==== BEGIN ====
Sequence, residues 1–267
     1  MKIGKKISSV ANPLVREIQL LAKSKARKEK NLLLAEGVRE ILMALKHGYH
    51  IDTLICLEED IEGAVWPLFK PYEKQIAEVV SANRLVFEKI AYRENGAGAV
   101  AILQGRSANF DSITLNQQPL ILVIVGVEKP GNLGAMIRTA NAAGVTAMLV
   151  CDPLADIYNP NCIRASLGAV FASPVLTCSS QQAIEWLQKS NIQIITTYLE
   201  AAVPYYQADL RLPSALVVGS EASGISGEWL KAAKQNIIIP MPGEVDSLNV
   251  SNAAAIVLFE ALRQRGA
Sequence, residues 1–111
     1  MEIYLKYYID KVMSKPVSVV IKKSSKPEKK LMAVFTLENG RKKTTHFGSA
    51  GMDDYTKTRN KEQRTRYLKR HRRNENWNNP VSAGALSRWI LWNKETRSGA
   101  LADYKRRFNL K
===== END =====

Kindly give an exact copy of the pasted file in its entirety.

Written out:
Sequence, residues 1–267
     1  MKIGKKISSV ANPLVREIQL LAKSKARKEK NLLLAEGVRE ILMALKHGYH
    51  IDTLICLEED IEGAVWPLFK PYEKQIAEVV SANRLVFEKI AYRENGAGAV
   101  AILQGRSANF DSITLNQQPL ILVIVGVEKP GNLGAMIRTA NAAGVTAMLV
   151  CDPLADIYNP NCIRASLGAV FASPVLTCSS QQAIEWLQKS NIQIITTYLE
   201  AAVPYYQADL RLPSALVVGS EASGISGEWL KAAKQNIIIP MPGEVDSLNV
   251  SNAAAIVLFE ALRQRGA
Sequence, residues 1–111
     1  MEIYLKYYID KVMSKPVSVV IKKSSKPEKK LMAVFTLENG RKKTTHFGSA
    51  GMDDYTKTRN KEQRTRYLKR HRRNENWNNP VSAGALSRWI LWNKETRSGA
   101  LADYKRRFNL K